From National Lampoon co-conspirators Beard (Golf: An Unofficial and Unauthorized History of the World's Most Preposterous Sport, 2012, etc.) and Cerf (co-author: Mission Accomplished! Or How We Won the War in Iraq: The Experts Speak, 2008, etc.), a whimsical collection of the sometimes-scary, sometimes-silly things that threaten our modern-day lives. Considering such things as French fries and fracking as dangerous are no-brainers. But other entries in this compendium of assorted life-threatening perils seem downright ludicrous. The shock value of having fresh fruit and fish oil on the same list as skin cancer and radiation is undeniably high--until you read deeper and find that the "danger" of whole fruits is eating them to excess and flooding your system with sugar. The horrors of fish oil? Fish breath. Chewing gum is also on the list of things to fret. Why? Wrinkles around the lips. As the late Gilda Radner once said, "It's always something." Other entries, however, are genuinely shocking and fittingly disturbing--e.g., brown rice. Who'd have thought that the macrobiotic mainstay was so potentially devastating thanks to its nasty habit of absorbing arsenic? The dusty encyclopedic format is also problematic and feels a little awkward deep in the digital age, requiring readers to constantly cross-reference. Beard and Cerf too often mute their many dire warnings, dour cautions and grim advisories with qualifying language. Much more effective are the brief discussions of lesser-understood topics like doom loops and portfolio diversification. Similarly, descriptions of the seething volcano that exists underneath Yellowstone National Park and the fast-approaching Asteroid 99942 Apophis hurtling toward the Earth are truly frightening and fascinating. The book works best as a leisurely joke book rather than a real research tool. Amusing in short spurts--an entertaining way to pass the time in between worrying about the real issues in your life.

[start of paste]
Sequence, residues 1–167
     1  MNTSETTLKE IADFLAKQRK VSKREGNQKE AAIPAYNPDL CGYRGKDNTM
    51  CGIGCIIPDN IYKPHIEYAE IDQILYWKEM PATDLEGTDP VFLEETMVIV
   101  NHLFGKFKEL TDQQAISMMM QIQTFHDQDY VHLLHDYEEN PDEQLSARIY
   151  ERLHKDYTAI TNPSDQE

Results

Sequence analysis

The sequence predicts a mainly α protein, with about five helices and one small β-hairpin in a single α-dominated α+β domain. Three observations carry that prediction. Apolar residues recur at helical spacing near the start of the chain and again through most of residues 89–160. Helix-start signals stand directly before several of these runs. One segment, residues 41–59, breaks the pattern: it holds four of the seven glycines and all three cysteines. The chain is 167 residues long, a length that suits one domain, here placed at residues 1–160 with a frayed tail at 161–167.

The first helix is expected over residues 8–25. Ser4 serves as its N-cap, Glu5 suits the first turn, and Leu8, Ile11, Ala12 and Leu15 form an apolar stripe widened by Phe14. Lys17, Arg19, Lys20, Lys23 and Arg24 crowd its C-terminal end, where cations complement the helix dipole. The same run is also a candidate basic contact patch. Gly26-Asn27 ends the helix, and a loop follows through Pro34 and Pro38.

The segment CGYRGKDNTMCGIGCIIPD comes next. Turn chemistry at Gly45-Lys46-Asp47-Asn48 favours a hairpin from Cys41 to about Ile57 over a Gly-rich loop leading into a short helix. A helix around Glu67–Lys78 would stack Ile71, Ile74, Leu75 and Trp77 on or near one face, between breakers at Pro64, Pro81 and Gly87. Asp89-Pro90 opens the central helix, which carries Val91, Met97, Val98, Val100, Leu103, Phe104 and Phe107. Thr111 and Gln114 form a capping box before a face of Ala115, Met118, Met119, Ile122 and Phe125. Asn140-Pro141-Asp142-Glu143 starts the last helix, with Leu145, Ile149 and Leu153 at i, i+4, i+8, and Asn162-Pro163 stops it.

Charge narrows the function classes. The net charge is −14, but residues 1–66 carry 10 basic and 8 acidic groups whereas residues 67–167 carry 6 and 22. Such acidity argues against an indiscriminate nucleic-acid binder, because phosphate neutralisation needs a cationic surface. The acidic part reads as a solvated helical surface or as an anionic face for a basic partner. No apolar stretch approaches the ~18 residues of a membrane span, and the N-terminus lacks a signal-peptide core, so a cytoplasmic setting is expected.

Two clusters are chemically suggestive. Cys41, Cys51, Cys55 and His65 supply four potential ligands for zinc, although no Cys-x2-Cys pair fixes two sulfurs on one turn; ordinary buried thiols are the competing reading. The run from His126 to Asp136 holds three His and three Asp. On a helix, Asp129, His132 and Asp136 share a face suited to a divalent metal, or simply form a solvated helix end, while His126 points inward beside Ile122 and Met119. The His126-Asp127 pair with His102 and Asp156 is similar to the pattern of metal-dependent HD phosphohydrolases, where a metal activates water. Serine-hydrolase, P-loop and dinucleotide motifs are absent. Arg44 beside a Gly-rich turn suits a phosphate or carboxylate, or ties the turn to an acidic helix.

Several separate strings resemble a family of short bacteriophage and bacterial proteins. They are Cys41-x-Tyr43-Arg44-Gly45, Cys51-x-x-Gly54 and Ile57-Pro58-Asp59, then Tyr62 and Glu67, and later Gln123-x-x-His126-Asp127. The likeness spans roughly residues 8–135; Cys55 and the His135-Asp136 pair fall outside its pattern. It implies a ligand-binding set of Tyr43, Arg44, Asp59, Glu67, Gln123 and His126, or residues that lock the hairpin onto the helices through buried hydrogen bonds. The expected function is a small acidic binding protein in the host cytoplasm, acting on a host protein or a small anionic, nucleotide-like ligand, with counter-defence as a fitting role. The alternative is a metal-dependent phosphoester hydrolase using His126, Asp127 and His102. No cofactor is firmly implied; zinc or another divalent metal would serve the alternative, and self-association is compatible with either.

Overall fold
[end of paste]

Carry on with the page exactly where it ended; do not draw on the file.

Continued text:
Vanity Fair

“Be afraid: Henry Beard and Christopher Cerf’s Encyclopedia Paranoiaca is deadly to the humor averse.”

Details

“Perversely enjoyable.”

The Sacramento Bee

“What we think is healthful and harmless may well be deadly, or at least harmful, say the humorists. They’ve compiled a long list of everyday foods (cherries, carrots), clothing (skinny jeans, flip-flops) and items (drinking straws) that we can now worry about like never before. Thanks, guys.”

The Scientific American

Encyclopedia Paranoiaca . . . [is] the only guide to super-paranoia that you’ll ever need. . . .While the authors’ tongues couldn’t be more firmly in cheek from first entry to last, Encyclopedia Paranoiaca is written and compiled with scrupulous attention and extensive research. . . . Start worrying now.”

The Wall Street Journal

“An amusing and cruelly accurate cultural critique, offering a “comprehensive and authoritative inventory of the perils, menaces, threats, blights, banes, and other assorted pieces of Damoclean cutlery” that hover over our collective head. . . . Beard and Cerf gleefully fan the flames of our paranoia”

The Daily Beast

“A humorous look at all of the ways, obvious and not, that humans have of doing harm to themselves. . . . The writing is witty and verbose, almost Monty Python-ish, but the science is good enough that hypochondriacs should be shielded from this book at all costs.”

Elle

“The madcap brainchild of National Lampoon alums Henry Beard and Christopher Cerf, Encyclopedia Paranoiaca comprises a smartly researched, apocalyptic alphabet of exotic and everyday dangers and dreads—from bananas to fracking to sleeping on your back—that is scary, amusing, and informative.”

Details magazine (No. 1 in "Five Things We Emphatically Endorse")


“Perversely enjoyable.”

B&N Review


“As two founders of the National Lampoon, Henry Beard and Christopher Cerf are responsible for some of the sharpest satirical humor of the past forty years. Their latest opus is a tongue-through-the-cheek encyclopedia of modern neuroses -- a work that will both confirm all your fears, then dispel them with fits of laughter.”


Readers' Reviews


Encyclopedia Paranoiaca

Book Info

  • Book Format: Hardcover
  • ISBN-13: 9781439199558
  • ISBN-10: 1439199558
  • Number of Pages: 400
  • Dimensions: 6.38 (w) x 9.34 (h) x 1.17 (d)
  • Approx Price: $18.38